“If we do chair pose one more time I’m going to scream!” Have you ever had thoughts like these during your yoga practice? If so, you’re not alone. I have too, and so has every teacher I know and every student I’ve taught. It seems we all have at least one yoga pose we simply can’t stand. But in my experience, it’s how we deal with those difficult yoga poses that sets us apart from one another.

There are several ways to cope when facing tough yoga poses: We can avoid them entirely, resist against them, or relax into them. When you avoid poses that challenge you, you’re not allowing yourself to grow in your practice. And when you hold onto anger and frustration as you practice tough poses, that tension will prevent you from being fully present with your breath and movements, and you might even injure yourself.

The best way to deal with difficult asanas is to let go of your resistance to them. Through my many years teaching and practicing yoga I’ve found four practical and effective ways to work through difficult yoga poses.

1. Breathe Through It

There is a certain confidence and sense of achievement that comes with staring down the poses you hate and staying with them anyway. If you can make it through a few breaths in a difficult pose, you can make it through anything. In stressful and challenging situations, it’s common to hold our breath or to take quick, shallow breaths. Instead, when you’re in a hard pose, tune into your breath, slow it down, and stay connected.

2. Try, Try Again

We tend to hate the poses we find hard or uncomfortable. The best way to become stronger or more open in any pose is to practice it often. Make a commitment to practice your most hated poses regularly and to be guided by your breath when you do.

3. Build Up to Tough Poses

Sometimes our anatomy is what limits us in certain poses. We might feel tension, stretching in our soft tissues, or compression—the sensation of being stuck or jammed. While compression isn’t necessarily bad, it serves as a good signal to let go of the ‘perfect’ expression of the pose.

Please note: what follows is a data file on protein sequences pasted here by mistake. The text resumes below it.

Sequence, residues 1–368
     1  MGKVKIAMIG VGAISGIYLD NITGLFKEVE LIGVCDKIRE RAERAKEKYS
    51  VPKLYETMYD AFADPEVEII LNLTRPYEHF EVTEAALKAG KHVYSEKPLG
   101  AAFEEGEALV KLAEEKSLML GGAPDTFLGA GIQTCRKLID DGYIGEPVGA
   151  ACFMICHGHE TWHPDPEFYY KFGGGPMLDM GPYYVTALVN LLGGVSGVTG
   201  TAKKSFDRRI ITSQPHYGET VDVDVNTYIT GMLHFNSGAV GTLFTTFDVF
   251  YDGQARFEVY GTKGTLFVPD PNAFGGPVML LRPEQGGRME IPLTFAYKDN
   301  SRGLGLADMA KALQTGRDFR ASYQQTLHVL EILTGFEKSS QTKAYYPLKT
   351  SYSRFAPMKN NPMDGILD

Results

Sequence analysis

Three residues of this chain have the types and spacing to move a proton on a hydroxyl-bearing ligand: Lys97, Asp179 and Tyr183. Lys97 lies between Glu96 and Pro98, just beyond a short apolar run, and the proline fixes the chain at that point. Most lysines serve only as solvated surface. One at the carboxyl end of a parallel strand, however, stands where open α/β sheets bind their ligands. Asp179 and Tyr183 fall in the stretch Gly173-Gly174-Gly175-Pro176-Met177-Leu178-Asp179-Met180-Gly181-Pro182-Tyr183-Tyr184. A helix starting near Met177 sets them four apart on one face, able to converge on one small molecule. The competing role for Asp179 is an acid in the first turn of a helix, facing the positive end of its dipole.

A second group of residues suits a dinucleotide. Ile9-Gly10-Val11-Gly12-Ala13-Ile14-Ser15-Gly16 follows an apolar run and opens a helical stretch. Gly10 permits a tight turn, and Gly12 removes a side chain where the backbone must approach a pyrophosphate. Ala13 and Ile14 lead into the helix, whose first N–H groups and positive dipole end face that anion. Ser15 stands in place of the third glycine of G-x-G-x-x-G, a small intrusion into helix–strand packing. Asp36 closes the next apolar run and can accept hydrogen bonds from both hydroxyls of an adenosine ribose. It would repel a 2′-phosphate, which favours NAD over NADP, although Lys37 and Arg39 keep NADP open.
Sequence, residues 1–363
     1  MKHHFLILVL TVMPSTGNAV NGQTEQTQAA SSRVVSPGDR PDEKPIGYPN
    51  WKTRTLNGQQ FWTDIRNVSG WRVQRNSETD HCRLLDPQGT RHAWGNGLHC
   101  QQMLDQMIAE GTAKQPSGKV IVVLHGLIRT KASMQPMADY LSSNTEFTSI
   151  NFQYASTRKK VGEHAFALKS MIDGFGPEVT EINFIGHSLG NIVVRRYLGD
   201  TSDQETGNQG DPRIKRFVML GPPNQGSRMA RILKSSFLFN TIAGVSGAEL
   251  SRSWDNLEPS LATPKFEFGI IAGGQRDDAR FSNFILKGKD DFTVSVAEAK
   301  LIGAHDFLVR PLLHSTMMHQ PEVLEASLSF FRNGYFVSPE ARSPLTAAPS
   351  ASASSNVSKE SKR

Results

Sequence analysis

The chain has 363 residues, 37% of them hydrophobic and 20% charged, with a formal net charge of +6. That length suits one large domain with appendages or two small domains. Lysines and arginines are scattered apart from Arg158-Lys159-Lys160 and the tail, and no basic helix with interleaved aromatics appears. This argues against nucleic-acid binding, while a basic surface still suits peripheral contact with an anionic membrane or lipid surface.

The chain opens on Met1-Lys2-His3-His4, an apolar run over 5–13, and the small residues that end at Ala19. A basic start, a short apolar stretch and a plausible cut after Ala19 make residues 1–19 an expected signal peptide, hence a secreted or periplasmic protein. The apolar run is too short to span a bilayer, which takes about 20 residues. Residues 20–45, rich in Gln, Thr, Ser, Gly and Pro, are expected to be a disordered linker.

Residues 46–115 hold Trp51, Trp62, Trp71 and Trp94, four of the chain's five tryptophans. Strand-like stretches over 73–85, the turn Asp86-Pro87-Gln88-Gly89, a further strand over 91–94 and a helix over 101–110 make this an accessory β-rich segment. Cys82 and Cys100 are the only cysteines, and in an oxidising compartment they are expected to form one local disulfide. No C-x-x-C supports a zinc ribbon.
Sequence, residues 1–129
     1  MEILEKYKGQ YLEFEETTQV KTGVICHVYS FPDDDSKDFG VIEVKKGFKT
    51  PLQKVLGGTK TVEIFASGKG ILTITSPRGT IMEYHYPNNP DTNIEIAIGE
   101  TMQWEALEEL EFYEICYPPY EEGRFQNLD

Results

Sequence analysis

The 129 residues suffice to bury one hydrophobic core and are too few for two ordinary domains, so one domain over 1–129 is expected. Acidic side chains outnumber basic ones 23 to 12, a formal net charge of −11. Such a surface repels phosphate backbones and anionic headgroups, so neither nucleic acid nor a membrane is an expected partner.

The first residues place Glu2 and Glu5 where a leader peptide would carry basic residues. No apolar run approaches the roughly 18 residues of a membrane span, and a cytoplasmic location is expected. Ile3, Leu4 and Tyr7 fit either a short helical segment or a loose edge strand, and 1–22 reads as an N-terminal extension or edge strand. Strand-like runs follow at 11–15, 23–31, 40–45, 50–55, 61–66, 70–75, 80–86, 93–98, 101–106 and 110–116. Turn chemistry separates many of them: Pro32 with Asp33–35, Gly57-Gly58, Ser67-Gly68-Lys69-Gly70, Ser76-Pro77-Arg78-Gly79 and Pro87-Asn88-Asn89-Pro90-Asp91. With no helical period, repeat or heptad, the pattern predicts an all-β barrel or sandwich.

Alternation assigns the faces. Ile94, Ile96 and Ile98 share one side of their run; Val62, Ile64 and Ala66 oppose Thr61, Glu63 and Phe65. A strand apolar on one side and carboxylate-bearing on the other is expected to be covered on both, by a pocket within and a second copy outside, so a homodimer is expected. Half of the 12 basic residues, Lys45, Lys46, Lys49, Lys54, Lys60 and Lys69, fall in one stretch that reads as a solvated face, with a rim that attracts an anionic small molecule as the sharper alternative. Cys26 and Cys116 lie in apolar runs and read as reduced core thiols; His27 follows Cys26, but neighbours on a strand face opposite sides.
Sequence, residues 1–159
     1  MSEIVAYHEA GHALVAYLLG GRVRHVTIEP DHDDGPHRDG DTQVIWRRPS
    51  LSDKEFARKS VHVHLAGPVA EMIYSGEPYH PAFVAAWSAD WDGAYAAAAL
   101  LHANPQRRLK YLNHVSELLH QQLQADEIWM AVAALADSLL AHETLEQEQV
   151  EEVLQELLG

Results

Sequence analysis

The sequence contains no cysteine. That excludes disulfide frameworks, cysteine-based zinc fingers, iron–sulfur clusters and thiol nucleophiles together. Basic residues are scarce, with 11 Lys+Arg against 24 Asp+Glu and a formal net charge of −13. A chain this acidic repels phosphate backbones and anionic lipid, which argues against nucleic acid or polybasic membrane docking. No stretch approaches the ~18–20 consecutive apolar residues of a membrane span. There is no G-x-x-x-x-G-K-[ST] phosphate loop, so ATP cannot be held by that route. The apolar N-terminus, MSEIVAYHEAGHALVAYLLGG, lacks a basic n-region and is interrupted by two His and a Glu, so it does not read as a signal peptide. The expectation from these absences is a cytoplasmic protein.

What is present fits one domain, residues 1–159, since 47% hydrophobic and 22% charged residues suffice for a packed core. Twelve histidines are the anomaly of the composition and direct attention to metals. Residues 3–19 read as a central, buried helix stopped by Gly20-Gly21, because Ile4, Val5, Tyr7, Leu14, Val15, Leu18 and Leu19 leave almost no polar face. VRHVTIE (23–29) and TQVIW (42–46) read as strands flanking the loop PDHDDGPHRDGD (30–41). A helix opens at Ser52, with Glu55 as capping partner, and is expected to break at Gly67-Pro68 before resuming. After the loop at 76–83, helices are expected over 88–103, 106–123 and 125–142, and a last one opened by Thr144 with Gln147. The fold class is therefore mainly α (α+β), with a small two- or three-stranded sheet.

In the face of physical discomfort, back off a little. Introduce modifications or yoga props, try some preparatory or strengthening poses until you’re ready for the full expression of the pose, or just focus on the energetic aspects of the pose rather than the physical ones.

4. Learn From Your Resistance

Have you ever taken a yoga class and experienced an emotional release that caused you to cry or become upset? Our bodies store unexpressed emotions and trauma that we’ve been suppressing, and yoga tends to open us up and shine a spotlight on what we’ve hidden inside.

Uncovering these hidden emotions and triggers can be intense and uncomfortable, but can also set us on the path toward healing. When a difficult asana shines a light on a hidden issue, make a mental note of it, finish your practice, and you can work to address it once you step off the mat.

Remember, yoga is about getting to know yourself physically and mentally. Instead of letting resistance hold you back, use it as a tool to propel you forward. Understand your body’s limits and work backward, maybe using props and preparatory poses to find a different path. Look inside to understand whether your frustration with a certain pose is due to trauma or another hidden emotional issue. Find peace in surrender, and accept what your least favorite poses are trying to teach you.